Startup marketers are resourceful by necessity. They usually can’t afford to use the same tactics as traditional, corporate marketers, so they must be very creative if they want to survive, let alone flourish and compete with their corporate counterparts. So they often run multiple experiments simultaneously, trying to get the fast answers they need to decide on the right direction for their company.
If your startup is in its early stages, you should consider hiring a ‘Michelle’ type of marketer, not only because you probably can’t afford most of Uncle David’s marketing methods, but because at this stage, you actually need something else. We all respect the sort of patience, precision and long term thinking that traditional marketers are required to invest to achieve their goals, but that’s just not how it works in the world of early-stage startups.
The startup world works a lot like Darwin’s Natural Selection theory. Just like in nature, many startups are born into the world, but only the strongest get to survive, grow and win the game. But, how do you know what your optimal marketing activities should be? How do you identify the elusive mix of activities that you can afford and that will help you reach your goals as quickly as possible? Well sadly, you don’t.
You will NEVER know what your perfect marketing blend is when you start working. Nobody does when they start a brand new venture from scratch.
That’s why successful startup marketers run multiple experiments simultaneously: Online discussions, social communities, content, paid campaigns, media buying of all kinds, PR communications, events, promoted content and anything else that comes to mind, as long as it’s affordable. They are masters of the 80/20 Pareto rule, constantly measuring the performance of their experiments and optimizing as they go in order to reach their KPI goals faster.
Successful startup marketers are both short and long-distance runners at the same time: They must balance between the quality of their deliverables (but never compromise on “good enough” deliverables), and how fast they deliver. The “good enough” concept, in my mind, is a key to successful startup marketing. You’d be surprised to know how hard it is for most marketers to achieve the bare minimum of what’s required in order to pull off a particular task reasonably well, whether it’s a piece of content, a landing page, etc.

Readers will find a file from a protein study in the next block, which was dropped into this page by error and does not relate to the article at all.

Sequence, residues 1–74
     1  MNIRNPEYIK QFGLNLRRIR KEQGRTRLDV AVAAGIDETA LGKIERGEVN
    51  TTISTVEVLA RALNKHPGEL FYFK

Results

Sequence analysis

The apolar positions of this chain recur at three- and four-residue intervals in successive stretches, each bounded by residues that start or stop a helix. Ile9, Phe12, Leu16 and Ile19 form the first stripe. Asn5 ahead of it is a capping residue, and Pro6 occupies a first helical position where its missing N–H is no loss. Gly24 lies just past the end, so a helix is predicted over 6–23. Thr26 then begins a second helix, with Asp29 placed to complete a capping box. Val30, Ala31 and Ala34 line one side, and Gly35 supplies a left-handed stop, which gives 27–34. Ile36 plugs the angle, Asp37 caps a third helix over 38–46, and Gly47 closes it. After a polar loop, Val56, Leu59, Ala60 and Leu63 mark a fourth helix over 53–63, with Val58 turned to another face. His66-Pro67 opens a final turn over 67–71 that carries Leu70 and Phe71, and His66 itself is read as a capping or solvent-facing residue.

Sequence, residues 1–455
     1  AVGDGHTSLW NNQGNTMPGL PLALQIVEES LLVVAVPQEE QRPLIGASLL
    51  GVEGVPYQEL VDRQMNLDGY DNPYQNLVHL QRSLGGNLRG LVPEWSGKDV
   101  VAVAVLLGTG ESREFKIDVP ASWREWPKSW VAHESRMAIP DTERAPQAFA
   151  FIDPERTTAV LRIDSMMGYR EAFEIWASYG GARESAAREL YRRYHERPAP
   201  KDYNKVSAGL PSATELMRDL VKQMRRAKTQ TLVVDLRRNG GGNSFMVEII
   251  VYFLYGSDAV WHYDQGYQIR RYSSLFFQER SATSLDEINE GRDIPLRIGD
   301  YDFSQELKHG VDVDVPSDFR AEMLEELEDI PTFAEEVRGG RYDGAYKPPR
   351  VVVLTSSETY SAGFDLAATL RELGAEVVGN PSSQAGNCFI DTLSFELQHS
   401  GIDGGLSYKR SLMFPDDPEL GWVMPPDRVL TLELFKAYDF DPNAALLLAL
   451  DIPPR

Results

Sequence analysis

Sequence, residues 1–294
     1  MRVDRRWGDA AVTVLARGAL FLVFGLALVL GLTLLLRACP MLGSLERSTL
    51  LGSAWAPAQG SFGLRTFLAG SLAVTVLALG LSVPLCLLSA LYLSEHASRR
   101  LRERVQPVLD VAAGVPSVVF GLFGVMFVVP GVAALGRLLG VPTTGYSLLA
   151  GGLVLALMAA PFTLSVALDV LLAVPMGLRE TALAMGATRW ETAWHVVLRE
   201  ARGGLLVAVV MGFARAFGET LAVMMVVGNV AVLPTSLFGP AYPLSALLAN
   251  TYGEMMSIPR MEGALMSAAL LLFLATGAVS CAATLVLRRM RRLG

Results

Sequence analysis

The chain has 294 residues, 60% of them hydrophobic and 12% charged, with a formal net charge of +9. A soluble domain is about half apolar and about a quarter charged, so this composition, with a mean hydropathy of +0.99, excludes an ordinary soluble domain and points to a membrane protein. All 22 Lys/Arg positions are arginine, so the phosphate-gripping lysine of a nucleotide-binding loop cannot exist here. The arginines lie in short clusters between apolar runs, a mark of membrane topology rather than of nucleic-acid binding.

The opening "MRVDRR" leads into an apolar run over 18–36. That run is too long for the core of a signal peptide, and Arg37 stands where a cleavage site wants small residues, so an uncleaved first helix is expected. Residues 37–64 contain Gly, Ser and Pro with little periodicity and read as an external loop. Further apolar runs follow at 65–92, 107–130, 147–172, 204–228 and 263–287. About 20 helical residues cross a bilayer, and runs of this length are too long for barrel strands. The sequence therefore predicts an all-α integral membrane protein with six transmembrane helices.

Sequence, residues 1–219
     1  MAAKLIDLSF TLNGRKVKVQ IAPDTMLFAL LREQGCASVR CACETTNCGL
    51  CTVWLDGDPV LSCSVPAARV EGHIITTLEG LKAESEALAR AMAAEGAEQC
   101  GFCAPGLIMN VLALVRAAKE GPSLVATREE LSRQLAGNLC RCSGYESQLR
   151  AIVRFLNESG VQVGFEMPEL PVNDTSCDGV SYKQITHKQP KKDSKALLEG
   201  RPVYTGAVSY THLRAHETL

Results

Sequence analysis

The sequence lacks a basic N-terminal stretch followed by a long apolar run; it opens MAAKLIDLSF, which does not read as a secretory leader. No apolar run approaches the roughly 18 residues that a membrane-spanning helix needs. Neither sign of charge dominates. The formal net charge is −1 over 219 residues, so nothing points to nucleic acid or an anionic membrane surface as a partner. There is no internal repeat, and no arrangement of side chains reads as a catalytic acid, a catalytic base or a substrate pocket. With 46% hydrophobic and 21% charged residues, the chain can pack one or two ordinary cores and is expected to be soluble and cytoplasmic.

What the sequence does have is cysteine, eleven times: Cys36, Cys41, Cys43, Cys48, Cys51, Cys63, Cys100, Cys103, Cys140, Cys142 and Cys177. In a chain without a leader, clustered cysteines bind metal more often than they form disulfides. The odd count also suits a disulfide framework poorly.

While corporate marketers don’t have to deal with this kind of restraint since they’re usually part of a big team where each member specializes in a particular field (e.g. Marcom, Media Buying, PR, etc.) – great startup marketers will only aim for ‘perfection’ if there’s a clear, measurable justification for it against their KPIs.
Corporate marketers are usually expected to invest time and effort to perfect their deliverables, but startup marketers often operate as a one-man show, so they can’t afford to be perfectionists. A good startup marketer has to be a full stack marketer by nature, able to run multiple activities on his own at any given time. That means they need to know enough about Marcom, PR, Email Marketing, Analytics, Media Buying, SEO, Content Marketing and… you get the idea.
At times, being a startup marketer means fighting your nature and not allowing yourself to invest in a single activity at the expense of others. It’s a challenge, and it can be frustrating at times, but it’s certainly never boring, I can promise you that.
To sum up
A successful startup will eventually evolve and turn into a sort of corporate with all that being a corporate entails: Many employees, HR, finance, code of conduct, policies, processes and some good old internal politics. That’s when it’s time for startups to change their attitude to marketing as well, hiring “Uncle David” types to join (and even lead) the team, assigning bigger budgets for activities that will impact in the long term, and embracing the good ‘old’ known and proven tactics.
Of course this doesn’t happen overnight. As time passes and the startup matures, critical knowledge is accumulated, and the ‘multiple pilots running-in-all-directions approach’ is gradually moderated and replaced by a more focused attitude.
I sometimes think it’s a pity that the learning curve is so formidable and that I always need to start over with every new startup I work with, but on the bright side, at least I manage to do it faster and more efficiently each and every time.